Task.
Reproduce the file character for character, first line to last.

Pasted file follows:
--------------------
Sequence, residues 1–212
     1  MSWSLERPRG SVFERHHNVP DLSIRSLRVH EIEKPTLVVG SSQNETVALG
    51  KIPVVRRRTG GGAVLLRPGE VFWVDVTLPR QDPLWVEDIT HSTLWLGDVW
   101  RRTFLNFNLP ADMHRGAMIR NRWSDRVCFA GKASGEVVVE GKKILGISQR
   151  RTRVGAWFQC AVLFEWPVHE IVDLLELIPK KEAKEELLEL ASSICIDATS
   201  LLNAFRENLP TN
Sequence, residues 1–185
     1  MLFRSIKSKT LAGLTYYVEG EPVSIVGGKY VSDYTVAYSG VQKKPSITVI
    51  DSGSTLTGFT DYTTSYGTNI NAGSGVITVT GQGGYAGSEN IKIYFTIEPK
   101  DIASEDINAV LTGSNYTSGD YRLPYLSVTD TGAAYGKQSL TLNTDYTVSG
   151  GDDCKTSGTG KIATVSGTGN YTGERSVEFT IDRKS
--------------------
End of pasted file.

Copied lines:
Sequence, residues 1–212
     1  MSWSLERPRG SVFERHHNVP DLSIRSLRVH EIEKPTLVVG SSQNETVALG
    51  KIPVVRRRTG GGAVLLRPGE VFWVDVTLPR QDPLWVEDIT HSTLWLGDVW
   101  RRTFLNFNLP ADMHRGAMIR NRWSDRVCFA GKASGEVVVE GKKILGISQR
   151  RTRVGAWFQC AVLFEWPVHE IVDLLELIPK KEAKEELLEL ASSICIDATS
   201  LLNAFRENLP TN
Sequence, residues 1–185
     1  MLFRSIKSKT LAGLTYYVEG EPVSIVGGKY VSDYTVAYSG VQKKPSITVI
    51  DSGSTLTGFT DYTTSYGTNI NAGSGVITVT GQGGYAGSEN IKIYFTIEPK
   101  DIASEDINAV LTGSNYTSGD YRLPYLSVTD TGAAYGKQSL TLNTDYTVSG
   151  GDDCKTSGTG KIATVSGTGN YTGERSVEFT IDRKS